SUWANEE -- We all know that every dog has its day. But this past weekend I was reminded they get some mornings, too.
Actually, anyone with a dog knows the morning is their time. Nothing like waiting on a dog to do its business so you can go to yours. If you want a true test of your patience, see how you do waiting for the dog to be done as the clock tick, tick ticks toward your important meeting. It's times like those that it's good not to have neighbors too close by so they can't overhear you cajoling and pleading with your dog to please, please hurry up.
This past Saturday there wasn't much need for that, however. For the second time, the Georgia SPCA hosted its Run for the Rescues 5K, where the key was not hurrying the dogs but slowing them down a little as they tried to keep pace with their pooch pals. It was like Suwanee's Town Center was transformed into the world's largest dog park, each puppy as curious as a teenager on their first date.
The event is the SPCA's biggest fundraiser (organizers said they expected to raise more than $20,000) but just as important were the nearly 20 animals that found new homes after being adopted on Saturday. Putting the puppies out where everyone could see them playing with each other is a great marketing tool, one that we should consider adding to our Daily Post sales force. (Buy a full-page ad, get a puppy.)
For me, seeing all the different breeds is a treat. There was a pit bull with a silver-blue coat that was eye-catching and a mastiff named Samson that had a face only a mother could love. And while Samson was a big guy, even he couldn't match up in size with my favorite dog at the event (other than my own) -- Buddy, the Leonberger.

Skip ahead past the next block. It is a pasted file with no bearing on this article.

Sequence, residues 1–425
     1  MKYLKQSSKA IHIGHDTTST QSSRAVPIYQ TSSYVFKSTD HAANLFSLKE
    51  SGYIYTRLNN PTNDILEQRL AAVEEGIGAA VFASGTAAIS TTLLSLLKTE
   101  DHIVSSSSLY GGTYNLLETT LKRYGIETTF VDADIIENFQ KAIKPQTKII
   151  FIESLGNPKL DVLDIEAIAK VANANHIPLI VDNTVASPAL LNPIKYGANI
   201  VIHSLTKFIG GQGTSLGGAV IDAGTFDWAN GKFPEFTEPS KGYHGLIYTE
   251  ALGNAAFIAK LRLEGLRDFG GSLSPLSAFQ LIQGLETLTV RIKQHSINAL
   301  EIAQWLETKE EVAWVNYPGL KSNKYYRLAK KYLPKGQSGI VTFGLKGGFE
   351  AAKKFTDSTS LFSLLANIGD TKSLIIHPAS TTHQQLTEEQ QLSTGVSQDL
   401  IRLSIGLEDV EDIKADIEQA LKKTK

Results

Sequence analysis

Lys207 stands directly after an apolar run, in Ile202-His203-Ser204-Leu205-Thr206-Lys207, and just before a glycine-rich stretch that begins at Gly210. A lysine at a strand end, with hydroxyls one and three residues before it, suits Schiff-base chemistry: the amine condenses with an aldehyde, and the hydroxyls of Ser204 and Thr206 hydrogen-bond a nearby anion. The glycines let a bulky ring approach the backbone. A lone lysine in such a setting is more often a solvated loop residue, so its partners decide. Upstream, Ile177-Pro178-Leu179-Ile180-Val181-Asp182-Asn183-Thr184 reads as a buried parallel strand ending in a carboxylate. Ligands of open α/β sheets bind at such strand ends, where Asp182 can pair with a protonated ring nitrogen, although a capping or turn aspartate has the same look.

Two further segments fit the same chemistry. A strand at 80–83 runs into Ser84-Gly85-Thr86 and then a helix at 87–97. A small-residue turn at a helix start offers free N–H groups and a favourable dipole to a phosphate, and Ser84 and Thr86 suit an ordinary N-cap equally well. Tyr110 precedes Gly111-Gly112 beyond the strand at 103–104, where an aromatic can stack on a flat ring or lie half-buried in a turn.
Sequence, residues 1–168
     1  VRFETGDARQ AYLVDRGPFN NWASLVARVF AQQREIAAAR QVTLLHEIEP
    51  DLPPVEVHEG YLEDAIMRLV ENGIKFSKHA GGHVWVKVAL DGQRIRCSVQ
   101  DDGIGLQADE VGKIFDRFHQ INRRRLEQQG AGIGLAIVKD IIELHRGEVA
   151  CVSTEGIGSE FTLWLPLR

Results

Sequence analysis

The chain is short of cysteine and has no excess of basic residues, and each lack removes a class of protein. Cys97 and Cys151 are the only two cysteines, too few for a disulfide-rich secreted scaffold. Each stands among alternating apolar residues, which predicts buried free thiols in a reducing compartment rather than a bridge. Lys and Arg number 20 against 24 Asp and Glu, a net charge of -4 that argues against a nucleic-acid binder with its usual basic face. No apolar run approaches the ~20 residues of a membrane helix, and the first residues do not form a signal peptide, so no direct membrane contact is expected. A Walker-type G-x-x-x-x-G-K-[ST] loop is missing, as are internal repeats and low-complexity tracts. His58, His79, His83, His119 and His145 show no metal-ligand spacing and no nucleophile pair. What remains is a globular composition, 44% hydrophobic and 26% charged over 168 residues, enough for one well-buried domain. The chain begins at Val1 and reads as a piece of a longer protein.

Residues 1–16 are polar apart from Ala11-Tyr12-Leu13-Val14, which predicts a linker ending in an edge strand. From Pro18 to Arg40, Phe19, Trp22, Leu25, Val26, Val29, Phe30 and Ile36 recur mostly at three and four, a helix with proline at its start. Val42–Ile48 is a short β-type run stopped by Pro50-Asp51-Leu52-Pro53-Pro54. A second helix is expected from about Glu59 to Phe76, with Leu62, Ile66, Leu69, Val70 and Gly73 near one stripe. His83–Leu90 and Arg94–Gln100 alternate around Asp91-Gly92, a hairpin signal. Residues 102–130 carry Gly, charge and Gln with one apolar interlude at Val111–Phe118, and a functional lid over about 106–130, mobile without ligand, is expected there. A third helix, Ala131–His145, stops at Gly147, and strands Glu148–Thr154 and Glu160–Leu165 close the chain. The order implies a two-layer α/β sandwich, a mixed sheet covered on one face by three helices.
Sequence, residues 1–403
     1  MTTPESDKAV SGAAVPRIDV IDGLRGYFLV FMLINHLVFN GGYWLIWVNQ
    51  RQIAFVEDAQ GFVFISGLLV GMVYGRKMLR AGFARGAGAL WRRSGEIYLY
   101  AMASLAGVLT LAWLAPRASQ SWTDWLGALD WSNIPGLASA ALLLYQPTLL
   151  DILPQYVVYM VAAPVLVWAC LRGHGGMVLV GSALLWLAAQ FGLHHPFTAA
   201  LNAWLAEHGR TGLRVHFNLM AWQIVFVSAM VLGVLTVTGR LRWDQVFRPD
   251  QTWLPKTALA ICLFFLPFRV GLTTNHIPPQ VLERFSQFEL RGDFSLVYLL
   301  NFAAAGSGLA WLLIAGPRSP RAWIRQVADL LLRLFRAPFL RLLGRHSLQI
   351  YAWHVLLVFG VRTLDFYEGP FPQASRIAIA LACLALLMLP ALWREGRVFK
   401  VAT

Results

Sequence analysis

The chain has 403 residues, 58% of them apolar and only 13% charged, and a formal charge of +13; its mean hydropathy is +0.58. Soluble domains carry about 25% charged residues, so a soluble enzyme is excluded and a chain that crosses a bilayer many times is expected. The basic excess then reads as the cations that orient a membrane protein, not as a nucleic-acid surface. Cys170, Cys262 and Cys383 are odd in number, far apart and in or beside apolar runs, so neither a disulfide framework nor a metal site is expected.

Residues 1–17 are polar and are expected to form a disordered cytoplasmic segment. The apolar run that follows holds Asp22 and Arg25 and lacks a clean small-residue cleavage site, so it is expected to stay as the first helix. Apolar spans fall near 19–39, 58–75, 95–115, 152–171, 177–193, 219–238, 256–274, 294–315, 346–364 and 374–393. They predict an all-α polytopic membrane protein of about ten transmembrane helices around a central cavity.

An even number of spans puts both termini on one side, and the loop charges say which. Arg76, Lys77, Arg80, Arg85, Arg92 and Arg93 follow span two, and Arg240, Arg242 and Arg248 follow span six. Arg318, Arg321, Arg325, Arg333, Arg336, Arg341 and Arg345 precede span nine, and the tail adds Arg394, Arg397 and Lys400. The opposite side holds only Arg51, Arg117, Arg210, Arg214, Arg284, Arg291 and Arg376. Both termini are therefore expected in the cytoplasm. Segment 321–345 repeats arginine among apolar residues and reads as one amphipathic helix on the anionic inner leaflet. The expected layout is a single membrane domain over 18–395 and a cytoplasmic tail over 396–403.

I met Buddy at last year's event, and laughed when his owner told me the name of the breed. But as soon as I got home I googled the breed to learn more about this gentle giant, which can weigh well over 170 pounds (Buddy is around 185 or so). Despite his size, Buddy and his breed are docile dogs, good for families with children.
That combination of size and easy-going manner makes Buddy a hit wherever he goes. People flock to him and his owner, asking questions about the unique looking animal and seeing if it's OK to pet him. As people crowd around them, it's funny to hear the owner give Buddy the command to lay down by saying "be small." As if that was possible.
Legend has it that the Leonberger was bred to mimic the lion in the crest of its namesake town -- Leonberg in Baden-Wurttemberg, Germany. It's fitting, because the breed is a regal looking animal, unlike any you are used to seeing at the park.
Last week, when the park literally went to the dogs, it was fun to see all the different shapes and sizes (which could also describe their owners) enjoy a great event and a beautiful morning.
Which got me thinking about Buddy and a variation of an old joke: Where does a 180-pound dog eat his dinner? Wherever he wants.
Email Todd Cline at firstname.lastname@example.org. His column appears on Wednesdays.